RUMFORD — Several people attending Thursday night’s special selectmen’s meeting went home unhappy with the board’s decision to expedite its proposed wind energy facility ordinance into June’s annual town meeting warrant.
Several accused selectmen of not fully understanding changes they made to the document, changes the people said would eventually bring harm to Rumford through improperly regulated wind development.
A few accused the board of taking on what they said should have been the Planning Board’s job to draft such an ordinance and not the Board of Selectmen’s task.
Resident and businessman Roger Arsenault asked Town Manager Carlo Puiia to explain the Planning Board’s task during one of the many off-topic forays in the board’s consideration of proposed changes to the wind ordinance.
“Isn’t it to enforce all ordinances?” Arsenault asked.
Without saying yes or no, Puiia replied by reading the five powers of the Planning Board, most of which are to deal with the comprehensive plan.
Arsenault then said the original selectmen-appointed Wind Power Advisory Committee, which he was on, had Planning Board members participate in the committee’s seven-month-long process to draft an ordinance to regulate wind development.
A majority vote in November defeated that ordinance, which was widely regarded by many as a permanent moratorium on wind development.
The selectmen’s proposal, largely based on that ordinance, reduced it to 26 pages and removed or altered many of its restrictions. The new document will seemingly allow wind power development while tasking the Planning Board with regulating it.
Arsenault accused selectmen of not including the Planning Board in its deliberations to craft its own ordinance, which was modeled from the defeated ordinance and several other wind ordinances.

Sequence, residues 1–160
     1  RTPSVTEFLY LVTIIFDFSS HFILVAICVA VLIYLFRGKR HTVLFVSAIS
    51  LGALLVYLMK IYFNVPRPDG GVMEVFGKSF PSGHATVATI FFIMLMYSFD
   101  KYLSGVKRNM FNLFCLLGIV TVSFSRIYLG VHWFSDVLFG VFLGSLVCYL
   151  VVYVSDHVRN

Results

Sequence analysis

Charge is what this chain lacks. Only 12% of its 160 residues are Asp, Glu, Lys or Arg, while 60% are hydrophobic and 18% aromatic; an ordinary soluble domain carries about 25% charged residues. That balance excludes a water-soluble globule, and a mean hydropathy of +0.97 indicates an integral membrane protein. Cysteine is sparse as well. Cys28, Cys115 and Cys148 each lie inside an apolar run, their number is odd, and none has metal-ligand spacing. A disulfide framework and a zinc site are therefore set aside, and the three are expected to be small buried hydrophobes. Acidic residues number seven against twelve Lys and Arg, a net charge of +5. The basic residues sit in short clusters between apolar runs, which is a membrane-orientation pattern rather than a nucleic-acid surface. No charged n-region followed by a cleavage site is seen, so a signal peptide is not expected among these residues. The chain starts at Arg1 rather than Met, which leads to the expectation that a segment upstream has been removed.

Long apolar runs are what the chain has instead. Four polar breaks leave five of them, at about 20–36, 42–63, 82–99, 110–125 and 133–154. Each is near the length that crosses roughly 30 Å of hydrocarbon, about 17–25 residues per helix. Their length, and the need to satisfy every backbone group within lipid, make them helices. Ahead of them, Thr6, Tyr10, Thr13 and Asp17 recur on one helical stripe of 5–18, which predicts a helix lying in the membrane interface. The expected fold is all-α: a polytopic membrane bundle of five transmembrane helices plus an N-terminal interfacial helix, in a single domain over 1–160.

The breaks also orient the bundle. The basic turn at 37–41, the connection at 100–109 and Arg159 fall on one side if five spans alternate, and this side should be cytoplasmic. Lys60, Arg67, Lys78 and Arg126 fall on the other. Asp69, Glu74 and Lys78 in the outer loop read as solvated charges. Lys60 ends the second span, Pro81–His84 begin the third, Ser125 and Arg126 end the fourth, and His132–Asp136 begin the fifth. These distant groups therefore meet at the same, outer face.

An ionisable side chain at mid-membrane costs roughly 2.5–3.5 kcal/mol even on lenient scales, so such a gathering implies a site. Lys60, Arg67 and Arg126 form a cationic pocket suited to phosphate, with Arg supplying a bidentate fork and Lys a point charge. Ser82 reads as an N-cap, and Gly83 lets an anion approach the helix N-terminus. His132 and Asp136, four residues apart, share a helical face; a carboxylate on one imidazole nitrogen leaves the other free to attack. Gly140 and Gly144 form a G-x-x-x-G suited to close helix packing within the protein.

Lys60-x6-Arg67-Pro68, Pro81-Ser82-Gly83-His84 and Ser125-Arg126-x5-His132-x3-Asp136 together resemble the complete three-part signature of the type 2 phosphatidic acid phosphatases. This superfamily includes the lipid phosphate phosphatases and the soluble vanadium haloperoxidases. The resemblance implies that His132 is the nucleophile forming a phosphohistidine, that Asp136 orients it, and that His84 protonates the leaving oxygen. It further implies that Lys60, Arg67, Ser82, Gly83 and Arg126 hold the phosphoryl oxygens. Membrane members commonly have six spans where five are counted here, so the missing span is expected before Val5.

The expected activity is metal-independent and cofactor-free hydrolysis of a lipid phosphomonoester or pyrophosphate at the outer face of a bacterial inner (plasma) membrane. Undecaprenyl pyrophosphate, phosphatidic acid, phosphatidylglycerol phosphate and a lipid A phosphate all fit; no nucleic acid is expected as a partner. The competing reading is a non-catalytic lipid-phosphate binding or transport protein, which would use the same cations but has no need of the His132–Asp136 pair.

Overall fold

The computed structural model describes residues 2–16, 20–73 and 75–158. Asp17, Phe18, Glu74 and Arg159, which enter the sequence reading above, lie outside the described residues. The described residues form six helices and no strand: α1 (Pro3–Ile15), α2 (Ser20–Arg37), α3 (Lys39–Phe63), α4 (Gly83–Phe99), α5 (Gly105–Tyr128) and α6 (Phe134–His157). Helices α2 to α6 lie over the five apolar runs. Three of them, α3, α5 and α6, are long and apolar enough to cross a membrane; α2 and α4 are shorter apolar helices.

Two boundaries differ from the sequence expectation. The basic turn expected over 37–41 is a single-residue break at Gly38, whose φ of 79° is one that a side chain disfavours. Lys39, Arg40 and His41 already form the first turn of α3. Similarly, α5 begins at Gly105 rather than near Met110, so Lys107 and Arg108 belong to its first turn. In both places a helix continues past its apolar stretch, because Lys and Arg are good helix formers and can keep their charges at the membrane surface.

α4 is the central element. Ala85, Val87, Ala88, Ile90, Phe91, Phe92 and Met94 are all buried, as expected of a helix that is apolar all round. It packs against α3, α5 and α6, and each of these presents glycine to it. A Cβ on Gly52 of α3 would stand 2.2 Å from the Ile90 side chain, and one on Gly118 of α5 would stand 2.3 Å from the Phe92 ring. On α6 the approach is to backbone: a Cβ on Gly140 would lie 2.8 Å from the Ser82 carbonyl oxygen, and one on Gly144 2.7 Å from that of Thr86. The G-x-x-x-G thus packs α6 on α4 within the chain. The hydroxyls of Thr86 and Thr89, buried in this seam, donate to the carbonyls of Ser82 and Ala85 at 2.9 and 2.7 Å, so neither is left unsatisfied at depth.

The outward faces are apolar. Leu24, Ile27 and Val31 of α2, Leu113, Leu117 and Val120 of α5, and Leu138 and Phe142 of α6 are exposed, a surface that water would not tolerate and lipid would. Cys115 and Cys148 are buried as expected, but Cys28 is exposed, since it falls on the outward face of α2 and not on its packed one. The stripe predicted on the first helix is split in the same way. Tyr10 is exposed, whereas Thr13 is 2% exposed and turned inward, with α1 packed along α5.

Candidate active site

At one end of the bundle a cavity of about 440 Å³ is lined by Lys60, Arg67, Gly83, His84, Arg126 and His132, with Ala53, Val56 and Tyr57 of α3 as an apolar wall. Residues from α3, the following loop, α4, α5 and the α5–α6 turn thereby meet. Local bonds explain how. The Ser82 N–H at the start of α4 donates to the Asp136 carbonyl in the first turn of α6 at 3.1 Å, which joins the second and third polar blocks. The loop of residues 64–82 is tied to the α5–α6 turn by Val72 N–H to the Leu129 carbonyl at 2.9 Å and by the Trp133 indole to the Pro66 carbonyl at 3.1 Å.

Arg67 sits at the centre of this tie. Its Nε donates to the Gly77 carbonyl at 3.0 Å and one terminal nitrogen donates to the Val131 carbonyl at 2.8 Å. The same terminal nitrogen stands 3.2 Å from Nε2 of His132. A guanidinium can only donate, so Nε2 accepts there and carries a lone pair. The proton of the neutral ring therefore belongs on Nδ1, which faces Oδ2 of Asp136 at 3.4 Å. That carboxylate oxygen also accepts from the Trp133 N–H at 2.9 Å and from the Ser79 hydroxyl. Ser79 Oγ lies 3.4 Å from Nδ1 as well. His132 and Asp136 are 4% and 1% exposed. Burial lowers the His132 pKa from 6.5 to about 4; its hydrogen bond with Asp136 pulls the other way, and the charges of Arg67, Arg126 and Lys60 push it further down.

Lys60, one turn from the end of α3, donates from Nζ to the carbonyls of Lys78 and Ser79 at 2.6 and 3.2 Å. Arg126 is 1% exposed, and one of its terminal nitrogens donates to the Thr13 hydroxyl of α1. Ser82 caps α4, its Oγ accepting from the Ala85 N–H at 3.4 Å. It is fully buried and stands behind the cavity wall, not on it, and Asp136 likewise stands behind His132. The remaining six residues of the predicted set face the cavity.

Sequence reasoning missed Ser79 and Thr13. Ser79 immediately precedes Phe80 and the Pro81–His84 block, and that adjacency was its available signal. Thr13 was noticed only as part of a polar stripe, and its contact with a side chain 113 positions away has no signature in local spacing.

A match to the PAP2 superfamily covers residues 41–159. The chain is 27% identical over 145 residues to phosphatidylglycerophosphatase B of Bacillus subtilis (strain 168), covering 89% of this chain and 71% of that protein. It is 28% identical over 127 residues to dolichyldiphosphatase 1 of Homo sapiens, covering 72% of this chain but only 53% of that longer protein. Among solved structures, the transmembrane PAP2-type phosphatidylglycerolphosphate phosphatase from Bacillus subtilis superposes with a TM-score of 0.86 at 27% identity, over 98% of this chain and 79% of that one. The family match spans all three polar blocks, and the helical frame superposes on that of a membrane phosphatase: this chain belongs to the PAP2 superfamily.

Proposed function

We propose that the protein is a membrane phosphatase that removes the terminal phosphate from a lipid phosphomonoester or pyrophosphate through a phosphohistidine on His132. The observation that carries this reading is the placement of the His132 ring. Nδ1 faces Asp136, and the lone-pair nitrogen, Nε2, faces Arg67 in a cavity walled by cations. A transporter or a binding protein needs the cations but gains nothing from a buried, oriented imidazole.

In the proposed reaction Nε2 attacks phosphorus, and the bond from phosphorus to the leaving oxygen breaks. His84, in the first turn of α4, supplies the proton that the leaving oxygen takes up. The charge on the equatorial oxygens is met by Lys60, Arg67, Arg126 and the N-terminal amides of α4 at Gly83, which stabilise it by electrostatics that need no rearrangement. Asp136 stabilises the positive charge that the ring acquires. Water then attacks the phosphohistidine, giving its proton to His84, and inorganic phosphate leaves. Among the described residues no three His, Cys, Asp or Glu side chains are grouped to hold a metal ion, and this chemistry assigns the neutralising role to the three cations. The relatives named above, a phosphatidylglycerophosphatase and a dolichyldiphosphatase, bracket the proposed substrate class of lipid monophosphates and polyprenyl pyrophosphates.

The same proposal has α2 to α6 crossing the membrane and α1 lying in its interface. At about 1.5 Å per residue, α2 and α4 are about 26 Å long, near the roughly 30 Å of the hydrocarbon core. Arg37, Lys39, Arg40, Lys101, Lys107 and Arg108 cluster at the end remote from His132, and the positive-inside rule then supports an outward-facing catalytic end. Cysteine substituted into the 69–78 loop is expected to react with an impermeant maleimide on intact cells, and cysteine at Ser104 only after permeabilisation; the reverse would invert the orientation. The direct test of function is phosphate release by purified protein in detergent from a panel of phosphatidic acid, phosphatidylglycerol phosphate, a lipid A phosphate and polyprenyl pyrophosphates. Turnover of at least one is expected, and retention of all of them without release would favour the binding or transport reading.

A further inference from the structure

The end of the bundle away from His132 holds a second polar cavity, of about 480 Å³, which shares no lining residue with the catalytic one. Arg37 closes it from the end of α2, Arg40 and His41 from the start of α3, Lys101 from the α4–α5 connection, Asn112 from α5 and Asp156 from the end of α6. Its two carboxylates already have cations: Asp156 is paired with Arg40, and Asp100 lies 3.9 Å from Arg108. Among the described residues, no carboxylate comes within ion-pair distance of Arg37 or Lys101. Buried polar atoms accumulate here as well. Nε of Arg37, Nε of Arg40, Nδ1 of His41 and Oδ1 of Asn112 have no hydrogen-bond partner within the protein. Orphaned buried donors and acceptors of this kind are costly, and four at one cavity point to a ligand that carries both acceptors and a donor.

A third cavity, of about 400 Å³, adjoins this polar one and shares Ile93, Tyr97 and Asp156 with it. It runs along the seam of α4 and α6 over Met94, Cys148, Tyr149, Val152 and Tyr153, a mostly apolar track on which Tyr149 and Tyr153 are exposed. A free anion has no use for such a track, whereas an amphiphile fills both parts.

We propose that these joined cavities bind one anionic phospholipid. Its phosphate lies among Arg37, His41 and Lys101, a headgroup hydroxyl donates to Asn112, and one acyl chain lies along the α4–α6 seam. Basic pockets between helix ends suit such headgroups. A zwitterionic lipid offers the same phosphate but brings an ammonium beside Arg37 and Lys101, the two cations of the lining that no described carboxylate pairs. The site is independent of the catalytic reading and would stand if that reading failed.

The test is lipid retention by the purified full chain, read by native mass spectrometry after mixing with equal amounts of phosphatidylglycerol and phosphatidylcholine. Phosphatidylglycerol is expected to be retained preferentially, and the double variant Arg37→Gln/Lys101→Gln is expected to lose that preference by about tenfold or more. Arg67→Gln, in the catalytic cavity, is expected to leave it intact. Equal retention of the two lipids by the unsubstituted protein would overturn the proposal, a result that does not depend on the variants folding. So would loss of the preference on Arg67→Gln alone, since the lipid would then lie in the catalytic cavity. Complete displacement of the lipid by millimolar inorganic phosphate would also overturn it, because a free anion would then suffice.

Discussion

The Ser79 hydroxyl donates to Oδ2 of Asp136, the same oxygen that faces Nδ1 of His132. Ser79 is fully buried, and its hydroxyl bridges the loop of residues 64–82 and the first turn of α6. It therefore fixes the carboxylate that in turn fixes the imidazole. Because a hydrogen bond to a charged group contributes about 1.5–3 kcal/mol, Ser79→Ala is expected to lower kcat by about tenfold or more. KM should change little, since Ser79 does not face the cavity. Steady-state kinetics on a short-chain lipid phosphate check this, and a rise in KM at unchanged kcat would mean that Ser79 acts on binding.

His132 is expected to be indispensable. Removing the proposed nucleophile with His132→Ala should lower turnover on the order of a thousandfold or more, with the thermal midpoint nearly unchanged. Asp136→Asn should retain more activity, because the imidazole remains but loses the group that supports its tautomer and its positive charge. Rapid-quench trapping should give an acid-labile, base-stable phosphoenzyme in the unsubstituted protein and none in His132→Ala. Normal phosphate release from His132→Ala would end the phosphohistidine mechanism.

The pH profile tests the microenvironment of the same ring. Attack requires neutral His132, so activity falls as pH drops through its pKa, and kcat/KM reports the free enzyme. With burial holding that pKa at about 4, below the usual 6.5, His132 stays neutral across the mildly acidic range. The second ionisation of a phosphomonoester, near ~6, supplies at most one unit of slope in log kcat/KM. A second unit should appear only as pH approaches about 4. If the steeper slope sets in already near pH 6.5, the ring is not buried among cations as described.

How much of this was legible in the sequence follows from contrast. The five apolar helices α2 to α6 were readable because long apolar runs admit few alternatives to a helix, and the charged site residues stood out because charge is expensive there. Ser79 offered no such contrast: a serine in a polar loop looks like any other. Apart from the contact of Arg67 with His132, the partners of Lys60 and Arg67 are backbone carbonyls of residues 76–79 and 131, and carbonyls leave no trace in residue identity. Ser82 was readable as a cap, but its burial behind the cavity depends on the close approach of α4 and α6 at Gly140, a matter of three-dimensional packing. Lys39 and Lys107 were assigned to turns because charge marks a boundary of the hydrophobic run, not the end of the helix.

He urged selectmen to “slow down” and bring planners up to speed on the new proposal which they will be asked to enforce.
Former Rumford Town Manager Len Greaney also questioned selectmen’s ability to craft an ordinance, labeling the process “irresponsible.”
Selectman Mark Belanger interrupted, asking for a point of order that Greaney was off topic.
Greaney replied that he didn’t care if he was off topic, he wanted answers from the board.
None were forthcoming.
Greaney said selectmen are not developers of ordinances. He said the board is responsible for the administration of town business.
He accused the board of “running a very strange process” and suggested they stop and “put the right people” on the task.
Selectmen, however, finished approving previously tabled sections of the ordinance, and then voted 3-1 to accept it. Selectman Jeremy Volkernick was the lone dissenter.
After a 30-minute recess to allow Puiia time to add the night’s minimal changes into the document and provide a final draft, the board again voted 3-1 to place the document on the town meeting warrant, with the condition that it be reviewed by town attorney Thomas Carey. That stipulation was prompted by former Rumford Selectman Jim Thibodeau, who also worked on the defeated ordinance and strenuously objected to the selectmen’s expedited ordinance proposal.
“I think you’re throwing the citizens of Rumford to the wolves,” Thibodeau said.
He was referring to new language requiring developers to provide money to cover the town’s cost of enforcing the ordinance and any conditions of approval.
He accused the board of creating loopholes for wind developers and took offense with what he perceived as their attitude.
“This ho-hum attitude isn’t really going to cut it,” he said. “This town’s going to have repercussions.”
Selectmen Chairman Brad Adley just thanked him for his opinion and continued the meeting.